Wang, G., J. O. Wolff, S. H. Vessey, N. A. Slade, J. W. Witham, J. F. Merritt, M. L. Hunter, Jr. and S. P. Elias. 2009. Comparative population dynamics of Peromyscus leucopus in North America: influences of climate, food, and density dependence. Population Ecology 51:133–142.

White, A. S., J. W. Witham, M. L. Hunter, Jr., and A. J. Kimball. 1999. Relationship between plant species richness and biomass in a coastal Maine Quercus-Pinus forest. Journal of Vegetation Science 10:755-762.

Whitman, A., M. L. Hunter, Jr., and J. W. Witham. 1998. Age distribution of ramets of a forest herb, Wild Sarsaparilla, Aralia nudicaulis (Araliaceae). Canadian Field-Naturalist 112: 37- 44.

Witham, Jack with Nancy Coverstone and Renae Moran. 2004. Wild Apple Trees for Wildlife. Bulletin #7126. Habitats A Fact Sheet Series on Managing Lands for Wildlife. University of Maine Cooperative Extension. 8 pp.  See UMCE website.

Witham, Jack with Nancy Coverstone and Lois Berg Stack. 2002. Understanding Ruby-throated Hummingbirds and Enhancing Their Habitat in Maine. Bulletin #7152. Habitats A Fact Sheet Series on Managing Lands for Wildlife. University of Maine Cooperative Extension. 12 pp.  See UMCE website.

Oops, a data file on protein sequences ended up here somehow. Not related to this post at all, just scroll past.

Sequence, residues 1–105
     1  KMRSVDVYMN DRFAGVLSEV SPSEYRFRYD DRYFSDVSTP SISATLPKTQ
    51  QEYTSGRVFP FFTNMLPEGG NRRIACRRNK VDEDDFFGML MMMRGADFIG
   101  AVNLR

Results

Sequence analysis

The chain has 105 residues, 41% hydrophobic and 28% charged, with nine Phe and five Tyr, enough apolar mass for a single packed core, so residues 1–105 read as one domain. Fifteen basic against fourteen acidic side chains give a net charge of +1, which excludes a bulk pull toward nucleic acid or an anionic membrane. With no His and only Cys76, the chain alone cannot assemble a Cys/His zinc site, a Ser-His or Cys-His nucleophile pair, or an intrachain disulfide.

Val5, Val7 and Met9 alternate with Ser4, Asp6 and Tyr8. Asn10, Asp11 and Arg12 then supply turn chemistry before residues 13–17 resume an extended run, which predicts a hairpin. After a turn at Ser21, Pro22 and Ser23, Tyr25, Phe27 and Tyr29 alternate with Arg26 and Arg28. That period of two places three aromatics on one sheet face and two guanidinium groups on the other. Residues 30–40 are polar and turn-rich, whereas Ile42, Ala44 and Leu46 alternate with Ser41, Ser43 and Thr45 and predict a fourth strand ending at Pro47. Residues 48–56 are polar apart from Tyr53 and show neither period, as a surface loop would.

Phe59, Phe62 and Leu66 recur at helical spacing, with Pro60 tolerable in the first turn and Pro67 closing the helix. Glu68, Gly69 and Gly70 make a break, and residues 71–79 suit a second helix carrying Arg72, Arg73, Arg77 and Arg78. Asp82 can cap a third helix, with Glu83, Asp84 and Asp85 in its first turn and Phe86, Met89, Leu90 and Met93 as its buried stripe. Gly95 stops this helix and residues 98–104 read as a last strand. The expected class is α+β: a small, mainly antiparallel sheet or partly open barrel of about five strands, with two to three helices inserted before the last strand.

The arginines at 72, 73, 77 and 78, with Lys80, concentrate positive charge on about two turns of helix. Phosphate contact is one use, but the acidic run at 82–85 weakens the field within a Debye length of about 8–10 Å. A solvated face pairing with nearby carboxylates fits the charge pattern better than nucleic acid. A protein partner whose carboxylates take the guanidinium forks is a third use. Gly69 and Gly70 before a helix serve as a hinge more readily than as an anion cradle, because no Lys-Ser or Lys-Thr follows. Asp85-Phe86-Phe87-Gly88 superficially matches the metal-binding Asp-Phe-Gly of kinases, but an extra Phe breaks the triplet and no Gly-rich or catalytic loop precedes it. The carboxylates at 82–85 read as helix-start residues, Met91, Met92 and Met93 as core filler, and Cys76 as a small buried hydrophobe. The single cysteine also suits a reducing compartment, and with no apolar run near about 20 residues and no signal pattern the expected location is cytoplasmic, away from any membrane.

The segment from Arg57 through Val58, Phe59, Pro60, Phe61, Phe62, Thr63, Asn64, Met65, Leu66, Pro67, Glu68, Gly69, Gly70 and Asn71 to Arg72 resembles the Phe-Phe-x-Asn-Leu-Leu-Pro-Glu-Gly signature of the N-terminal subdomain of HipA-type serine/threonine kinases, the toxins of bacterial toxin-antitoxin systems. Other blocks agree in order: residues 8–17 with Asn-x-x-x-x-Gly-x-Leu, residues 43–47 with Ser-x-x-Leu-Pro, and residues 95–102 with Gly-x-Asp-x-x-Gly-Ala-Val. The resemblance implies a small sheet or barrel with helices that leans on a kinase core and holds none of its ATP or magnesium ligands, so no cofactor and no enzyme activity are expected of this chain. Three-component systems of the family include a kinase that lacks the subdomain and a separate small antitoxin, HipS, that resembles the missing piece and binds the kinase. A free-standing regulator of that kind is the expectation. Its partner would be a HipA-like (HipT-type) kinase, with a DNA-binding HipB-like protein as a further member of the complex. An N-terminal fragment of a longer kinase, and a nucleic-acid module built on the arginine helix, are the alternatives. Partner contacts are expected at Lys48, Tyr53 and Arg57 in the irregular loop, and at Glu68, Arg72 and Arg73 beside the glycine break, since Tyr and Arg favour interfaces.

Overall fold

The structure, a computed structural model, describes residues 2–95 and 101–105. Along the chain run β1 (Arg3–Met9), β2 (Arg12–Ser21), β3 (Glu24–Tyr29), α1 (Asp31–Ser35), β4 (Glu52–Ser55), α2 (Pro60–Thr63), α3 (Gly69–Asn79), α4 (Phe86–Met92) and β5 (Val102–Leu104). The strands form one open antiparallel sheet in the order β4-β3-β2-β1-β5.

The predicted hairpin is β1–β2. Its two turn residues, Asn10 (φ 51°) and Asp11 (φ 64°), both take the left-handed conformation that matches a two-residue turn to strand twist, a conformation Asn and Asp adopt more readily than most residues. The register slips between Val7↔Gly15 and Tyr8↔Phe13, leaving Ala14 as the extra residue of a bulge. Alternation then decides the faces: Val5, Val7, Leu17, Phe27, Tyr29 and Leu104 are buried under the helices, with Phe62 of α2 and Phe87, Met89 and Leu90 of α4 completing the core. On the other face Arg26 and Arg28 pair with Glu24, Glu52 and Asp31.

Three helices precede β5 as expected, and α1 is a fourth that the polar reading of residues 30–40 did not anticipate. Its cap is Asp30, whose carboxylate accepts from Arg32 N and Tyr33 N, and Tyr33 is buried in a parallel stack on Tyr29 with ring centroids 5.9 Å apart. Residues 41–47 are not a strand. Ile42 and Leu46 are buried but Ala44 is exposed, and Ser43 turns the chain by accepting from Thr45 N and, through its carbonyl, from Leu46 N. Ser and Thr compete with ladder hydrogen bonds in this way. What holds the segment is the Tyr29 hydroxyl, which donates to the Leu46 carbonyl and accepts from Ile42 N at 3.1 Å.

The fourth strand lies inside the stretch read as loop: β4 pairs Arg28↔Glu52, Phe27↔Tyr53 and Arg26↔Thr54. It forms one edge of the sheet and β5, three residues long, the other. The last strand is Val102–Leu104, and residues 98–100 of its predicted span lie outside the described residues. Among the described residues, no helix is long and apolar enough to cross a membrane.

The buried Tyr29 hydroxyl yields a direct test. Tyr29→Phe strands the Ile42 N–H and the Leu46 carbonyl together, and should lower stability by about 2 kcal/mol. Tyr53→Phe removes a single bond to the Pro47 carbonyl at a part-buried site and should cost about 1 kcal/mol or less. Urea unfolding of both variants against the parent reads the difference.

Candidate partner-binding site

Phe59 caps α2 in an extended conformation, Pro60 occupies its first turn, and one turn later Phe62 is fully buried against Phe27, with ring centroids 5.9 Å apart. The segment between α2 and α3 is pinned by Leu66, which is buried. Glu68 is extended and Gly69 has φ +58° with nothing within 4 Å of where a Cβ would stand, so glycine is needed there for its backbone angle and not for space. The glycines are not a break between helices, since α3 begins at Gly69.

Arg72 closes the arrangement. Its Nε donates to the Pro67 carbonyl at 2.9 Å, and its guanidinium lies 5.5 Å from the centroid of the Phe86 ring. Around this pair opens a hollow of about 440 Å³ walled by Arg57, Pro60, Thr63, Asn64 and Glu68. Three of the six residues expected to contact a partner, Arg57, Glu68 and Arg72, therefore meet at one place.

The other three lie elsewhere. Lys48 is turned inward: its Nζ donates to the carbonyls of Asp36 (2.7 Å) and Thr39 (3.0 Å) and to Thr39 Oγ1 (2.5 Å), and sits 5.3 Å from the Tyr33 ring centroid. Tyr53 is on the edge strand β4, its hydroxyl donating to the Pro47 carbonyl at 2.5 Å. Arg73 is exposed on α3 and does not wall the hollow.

Witham, J. W. 1999. Northern Redback salamander. Pp. 66-70 in M. L. Hunter, Jr., A. J.K. Calhoun, M. McCollough (eds.) Maine Amphibians and Reptiles. University of Maine Press. Orono. 254 pp.

Witham, J. W. , M. L. Hunter, Jr., H. C. Tedford III, A. J. Kimball, A. S. White, and S. P. Elias. 1999. A Long term Study of an Oak-Pine Forest Ecosystem: a brief overview of the Holt Research Forest. Maine Agricultural and Forest Experiment Station Miscellaneous Publication 745. (Available as pdf)

Witham, J. W. and A. J. Kimball.  1996.  Use of a geographic information system to facilitate analysis of spot mapping data.  Journal of Field Ornithology 67(3):367-375.